HOUSTON (Reuters) - Motiva Enterprises has decided not to add processing capacity at its refinery in Port Arthur, Texas, according to a company spokeswoman, fallout from last summer’s Hurricane Harvey that knocked nearly a quarter of all U.S. crude capacity offline.
The decision, which puts Motiva on a path to buy or build another refining plant in the United States, is a significant change in the refiner’s plans from two months ago when the company’s chief executive, Brian Coffman, said Motiva was weighing adding up to 900,000 barrels per day (bpd) of processing capacity to the company’s sole U.S. refinery, the 603,000 bpd Port Arthur refinery.
The U.S. refining unit of Saudi Aramco remains committed to “investigating opportunities to return to a refining scale of 1 million to 1.5 million barrels per day, (but) we do not expect to achieve this increased refining scale through the Port Arthur Refinery,” company spokeswoman Angela Goodwin told Reuters.
“We are actively exploring a number of opportunities and locations as part of our growth strategy,” Goodwin said.
Motiva, like other refiners hard-hit by inundating rains from Harvey, also is adding more pumps to remove water from the Port Arthur refinery to deal with future storms, she said.
Goodwin cited “commercial sensitivity” in declining to discuss why the company shifted the expansion from Port Arthur, but people familiar with Motiva’s plans said the decision stems from the Port Arthur Refinery’s shutdown after Harvey flooded the area.
“They’re not going to do it in Port Arthur,” one of the sources said. “They don’t want all of their capacity shut like it was during Harvey. They still want to be making gasoline somewhere else while everyone is shut during a storm.”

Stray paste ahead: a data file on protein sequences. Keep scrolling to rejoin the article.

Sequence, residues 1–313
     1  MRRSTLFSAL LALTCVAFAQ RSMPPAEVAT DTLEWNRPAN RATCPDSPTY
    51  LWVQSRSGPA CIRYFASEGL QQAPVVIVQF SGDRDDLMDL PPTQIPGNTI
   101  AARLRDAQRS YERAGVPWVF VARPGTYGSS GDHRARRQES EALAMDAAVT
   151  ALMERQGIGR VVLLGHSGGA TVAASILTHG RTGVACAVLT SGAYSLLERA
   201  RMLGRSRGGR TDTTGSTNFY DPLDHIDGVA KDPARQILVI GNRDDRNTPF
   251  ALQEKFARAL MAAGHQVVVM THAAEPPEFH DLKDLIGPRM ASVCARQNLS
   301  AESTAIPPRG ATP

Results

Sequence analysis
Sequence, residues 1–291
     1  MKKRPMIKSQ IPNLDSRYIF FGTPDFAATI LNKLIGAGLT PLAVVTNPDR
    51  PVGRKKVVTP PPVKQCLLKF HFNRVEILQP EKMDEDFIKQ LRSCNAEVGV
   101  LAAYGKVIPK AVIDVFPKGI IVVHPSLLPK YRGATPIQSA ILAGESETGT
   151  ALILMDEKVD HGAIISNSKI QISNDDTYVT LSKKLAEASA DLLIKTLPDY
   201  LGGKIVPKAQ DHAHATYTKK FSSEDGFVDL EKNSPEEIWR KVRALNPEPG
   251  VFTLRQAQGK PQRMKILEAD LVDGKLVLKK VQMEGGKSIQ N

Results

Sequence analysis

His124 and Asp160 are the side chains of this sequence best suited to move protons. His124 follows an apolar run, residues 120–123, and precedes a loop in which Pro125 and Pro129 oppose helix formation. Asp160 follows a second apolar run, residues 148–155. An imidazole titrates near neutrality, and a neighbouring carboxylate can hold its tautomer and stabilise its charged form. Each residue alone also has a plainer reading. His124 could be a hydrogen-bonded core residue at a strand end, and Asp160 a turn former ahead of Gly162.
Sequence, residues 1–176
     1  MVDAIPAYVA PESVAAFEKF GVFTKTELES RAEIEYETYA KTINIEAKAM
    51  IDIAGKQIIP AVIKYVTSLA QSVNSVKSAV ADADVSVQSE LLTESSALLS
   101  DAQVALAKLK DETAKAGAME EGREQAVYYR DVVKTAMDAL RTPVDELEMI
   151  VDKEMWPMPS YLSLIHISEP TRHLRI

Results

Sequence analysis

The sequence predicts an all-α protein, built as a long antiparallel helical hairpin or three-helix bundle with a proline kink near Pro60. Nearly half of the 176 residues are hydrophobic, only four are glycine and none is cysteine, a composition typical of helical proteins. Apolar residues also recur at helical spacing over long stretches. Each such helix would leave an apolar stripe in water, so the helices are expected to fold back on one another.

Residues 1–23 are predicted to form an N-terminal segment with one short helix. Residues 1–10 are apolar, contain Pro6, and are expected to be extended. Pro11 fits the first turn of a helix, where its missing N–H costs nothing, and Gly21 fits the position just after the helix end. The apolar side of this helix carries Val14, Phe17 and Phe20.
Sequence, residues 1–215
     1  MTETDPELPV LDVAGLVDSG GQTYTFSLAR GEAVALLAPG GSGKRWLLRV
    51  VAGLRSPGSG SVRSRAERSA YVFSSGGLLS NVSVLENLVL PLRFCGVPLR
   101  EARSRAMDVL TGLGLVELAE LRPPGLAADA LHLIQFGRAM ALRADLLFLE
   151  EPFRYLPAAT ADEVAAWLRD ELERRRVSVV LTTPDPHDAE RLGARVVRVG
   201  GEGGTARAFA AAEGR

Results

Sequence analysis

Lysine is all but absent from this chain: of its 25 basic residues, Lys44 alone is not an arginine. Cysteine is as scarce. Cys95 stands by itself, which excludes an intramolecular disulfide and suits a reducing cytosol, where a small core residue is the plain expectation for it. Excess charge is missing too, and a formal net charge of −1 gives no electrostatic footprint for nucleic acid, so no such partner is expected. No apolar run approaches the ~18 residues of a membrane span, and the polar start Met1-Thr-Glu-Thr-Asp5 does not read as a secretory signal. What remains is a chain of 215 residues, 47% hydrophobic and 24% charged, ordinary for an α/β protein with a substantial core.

Hurricane Harvey last year dropped more than 60 inches (1.5 m) of rain over southeastern Texas, halting refineries that account for a quarter of U.S. production of gasoline, jet fuel and diesel and most of its fuel exports. The storm caused hundreds of millions of dollars in damage to energy infrastructure and pushed up fuel prices for weeks.
Other Gulf Coast refiners, including Exxon Mobil Corp and Total SA, are bolstering their storm defenses, while an industry group is urging federal funding of an offshore dike that would protect the refining center from storm surges.
Total is adding generators and pumps at its 225,500 bpd refinery, also in Port Arthur, said spokeswoman Marie Maitre. It experienced a plant-wide power outage as Harvey drenched east Texas.
At Exxon’s refinery in Beaumont, Texas, 18 miles (29 km) north of Port Arthur, the company is raising an existing 10-foot flood wall by four feet, said people familiar with its operations.
The company is considering expanding the Beaumont refinery and two others along the Gulf Coast to double its ability to process growing U.S. shale oil, but has not reached a final decision.
Refiners and other industries are advocating for a storm surge barrier to prevent future storms from pushing water in nearby Galveston Bay and flood refining centers in Texas City, Texas, and Houston.
“We, along with a broad coalition of our industry peers, have asked federal officials to build a ‘coastal spine,’ a protective barrier,” said Chevalier Gray, spokeswoman at LyondellBasell Industries , which operates a Houston refinery.
Lyondell’s refinery, which sits on higher ground, remained in operation during Harvey.
Reporting by Erwin Seba; Editing by Nick Zieminski